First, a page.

The authors expound on non-traditional phenomena for transfer theory, which are nevertheless of considerable interest in wave measurements, and bring the advances of transfer theory as close as possible to the practical needs of those working in all areas of wave physics. The book opens with a historical overview of the topic, then moves on to examine the phenomenological theory of radiative transport, blending traditional theory with original ideas. The transport equation is derived from first principles, and the ensuing discussion of the diffraction content of the transport equation and non-classical radiometry is illustrated by practical examples from various fields of physics. Popular techniques of solving the transport equation are discussed, paying particular attention to wave physics and computing the coherence function. The book also examines various problems which are no longer covered by the traditional radiative transfer theory, such as enhanced backscattering and weak localization phenomena, nonlinear transport problems and kinetic equations for waves. This monograph bridges the gap between the simple power balance description in radiative transfer theory and modern coherence theory. It will be of interest to researchers and professionals working across a wide range of fields from optics, acoustics and radar theory to astrophysics, radioastronomy and remote sensing, as well as to students in these areas.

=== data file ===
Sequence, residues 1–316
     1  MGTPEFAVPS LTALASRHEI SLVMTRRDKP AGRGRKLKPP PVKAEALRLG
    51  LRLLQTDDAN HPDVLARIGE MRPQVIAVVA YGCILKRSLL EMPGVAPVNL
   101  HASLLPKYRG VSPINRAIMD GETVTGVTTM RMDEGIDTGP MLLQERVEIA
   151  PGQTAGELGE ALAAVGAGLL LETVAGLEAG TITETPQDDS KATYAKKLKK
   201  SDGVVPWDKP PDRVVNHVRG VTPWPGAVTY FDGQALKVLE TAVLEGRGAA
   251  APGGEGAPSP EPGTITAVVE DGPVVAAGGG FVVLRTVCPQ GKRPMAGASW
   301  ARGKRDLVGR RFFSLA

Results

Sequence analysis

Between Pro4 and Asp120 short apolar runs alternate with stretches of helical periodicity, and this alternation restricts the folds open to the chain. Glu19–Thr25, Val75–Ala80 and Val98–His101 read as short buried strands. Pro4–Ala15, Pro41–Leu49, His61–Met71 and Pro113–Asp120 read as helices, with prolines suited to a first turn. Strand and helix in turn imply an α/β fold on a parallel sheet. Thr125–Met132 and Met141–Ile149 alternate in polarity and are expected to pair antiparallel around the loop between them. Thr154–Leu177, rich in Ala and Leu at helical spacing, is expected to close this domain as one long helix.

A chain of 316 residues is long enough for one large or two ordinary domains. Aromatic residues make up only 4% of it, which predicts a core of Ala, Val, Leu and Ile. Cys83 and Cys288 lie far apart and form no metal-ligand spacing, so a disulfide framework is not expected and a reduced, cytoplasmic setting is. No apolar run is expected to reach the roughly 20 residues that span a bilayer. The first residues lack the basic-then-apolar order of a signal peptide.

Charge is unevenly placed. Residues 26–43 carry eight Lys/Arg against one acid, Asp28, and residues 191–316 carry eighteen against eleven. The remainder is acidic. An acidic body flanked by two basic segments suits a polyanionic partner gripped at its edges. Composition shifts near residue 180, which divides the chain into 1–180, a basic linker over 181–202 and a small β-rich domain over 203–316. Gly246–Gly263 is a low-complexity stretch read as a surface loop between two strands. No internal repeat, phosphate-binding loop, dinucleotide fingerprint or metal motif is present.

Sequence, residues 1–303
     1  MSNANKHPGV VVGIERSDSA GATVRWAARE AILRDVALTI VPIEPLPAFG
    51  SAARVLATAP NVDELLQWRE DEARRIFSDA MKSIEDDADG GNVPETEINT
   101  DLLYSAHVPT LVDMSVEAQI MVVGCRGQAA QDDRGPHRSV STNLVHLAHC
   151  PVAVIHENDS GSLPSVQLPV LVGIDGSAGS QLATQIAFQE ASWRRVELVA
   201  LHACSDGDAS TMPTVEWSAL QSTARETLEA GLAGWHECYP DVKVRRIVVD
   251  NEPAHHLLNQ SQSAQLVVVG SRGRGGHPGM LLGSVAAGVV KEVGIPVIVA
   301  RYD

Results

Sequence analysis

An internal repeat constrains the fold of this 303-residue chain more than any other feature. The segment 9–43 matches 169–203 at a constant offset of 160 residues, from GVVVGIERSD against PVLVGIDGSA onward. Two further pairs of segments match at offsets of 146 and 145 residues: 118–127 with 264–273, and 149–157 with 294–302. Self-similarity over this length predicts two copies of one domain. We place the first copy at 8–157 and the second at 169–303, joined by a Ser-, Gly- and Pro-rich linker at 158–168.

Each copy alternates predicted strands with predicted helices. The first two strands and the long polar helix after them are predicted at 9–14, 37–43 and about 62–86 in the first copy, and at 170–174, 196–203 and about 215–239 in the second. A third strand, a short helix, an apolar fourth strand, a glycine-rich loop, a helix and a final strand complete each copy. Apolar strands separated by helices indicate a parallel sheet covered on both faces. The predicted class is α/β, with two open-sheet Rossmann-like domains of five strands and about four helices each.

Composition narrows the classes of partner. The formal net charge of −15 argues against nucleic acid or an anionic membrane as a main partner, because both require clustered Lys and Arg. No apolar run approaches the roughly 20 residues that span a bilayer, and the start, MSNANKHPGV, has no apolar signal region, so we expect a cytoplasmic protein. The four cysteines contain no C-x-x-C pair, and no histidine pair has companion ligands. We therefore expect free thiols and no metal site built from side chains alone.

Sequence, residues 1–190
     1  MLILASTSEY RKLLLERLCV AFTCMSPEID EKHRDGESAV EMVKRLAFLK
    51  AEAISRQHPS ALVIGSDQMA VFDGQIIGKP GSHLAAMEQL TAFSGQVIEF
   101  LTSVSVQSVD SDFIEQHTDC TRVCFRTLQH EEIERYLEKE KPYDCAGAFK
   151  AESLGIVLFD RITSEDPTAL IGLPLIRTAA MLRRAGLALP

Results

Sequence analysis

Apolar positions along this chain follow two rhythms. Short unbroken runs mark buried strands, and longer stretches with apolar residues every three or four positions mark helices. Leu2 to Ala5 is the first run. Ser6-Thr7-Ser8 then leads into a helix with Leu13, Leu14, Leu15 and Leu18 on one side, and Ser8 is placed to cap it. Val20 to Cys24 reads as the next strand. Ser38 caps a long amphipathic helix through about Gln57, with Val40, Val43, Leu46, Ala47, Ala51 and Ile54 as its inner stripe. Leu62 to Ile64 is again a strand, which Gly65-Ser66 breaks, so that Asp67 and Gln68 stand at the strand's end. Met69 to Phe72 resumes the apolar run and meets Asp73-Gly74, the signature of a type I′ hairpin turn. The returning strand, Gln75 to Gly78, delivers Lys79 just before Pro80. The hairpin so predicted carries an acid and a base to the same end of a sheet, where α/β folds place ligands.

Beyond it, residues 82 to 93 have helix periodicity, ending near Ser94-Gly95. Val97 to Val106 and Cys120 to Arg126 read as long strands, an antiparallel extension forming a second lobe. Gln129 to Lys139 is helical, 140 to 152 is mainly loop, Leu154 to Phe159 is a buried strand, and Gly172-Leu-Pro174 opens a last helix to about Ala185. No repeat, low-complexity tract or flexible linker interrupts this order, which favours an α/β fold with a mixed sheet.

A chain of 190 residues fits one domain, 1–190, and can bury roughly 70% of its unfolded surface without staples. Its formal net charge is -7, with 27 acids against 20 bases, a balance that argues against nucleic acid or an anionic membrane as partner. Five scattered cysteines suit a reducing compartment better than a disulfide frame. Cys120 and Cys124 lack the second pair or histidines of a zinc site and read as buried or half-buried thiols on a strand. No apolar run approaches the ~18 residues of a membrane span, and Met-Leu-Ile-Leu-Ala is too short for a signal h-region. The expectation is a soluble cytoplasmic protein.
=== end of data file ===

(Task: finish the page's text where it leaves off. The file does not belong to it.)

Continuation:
Table of Contents
Foreword, Preface, 1. A Historical Overview, 2. Phenomenological Theory of Radiative Transfer, 3. Statistical Wave Content of Radiative Transfer Theory, 4. Solution Techniques for Transfer Equations, 5. Radiative Transfer and Coherent Effects, 6. Related Problems, Appendices, References, Notation, Index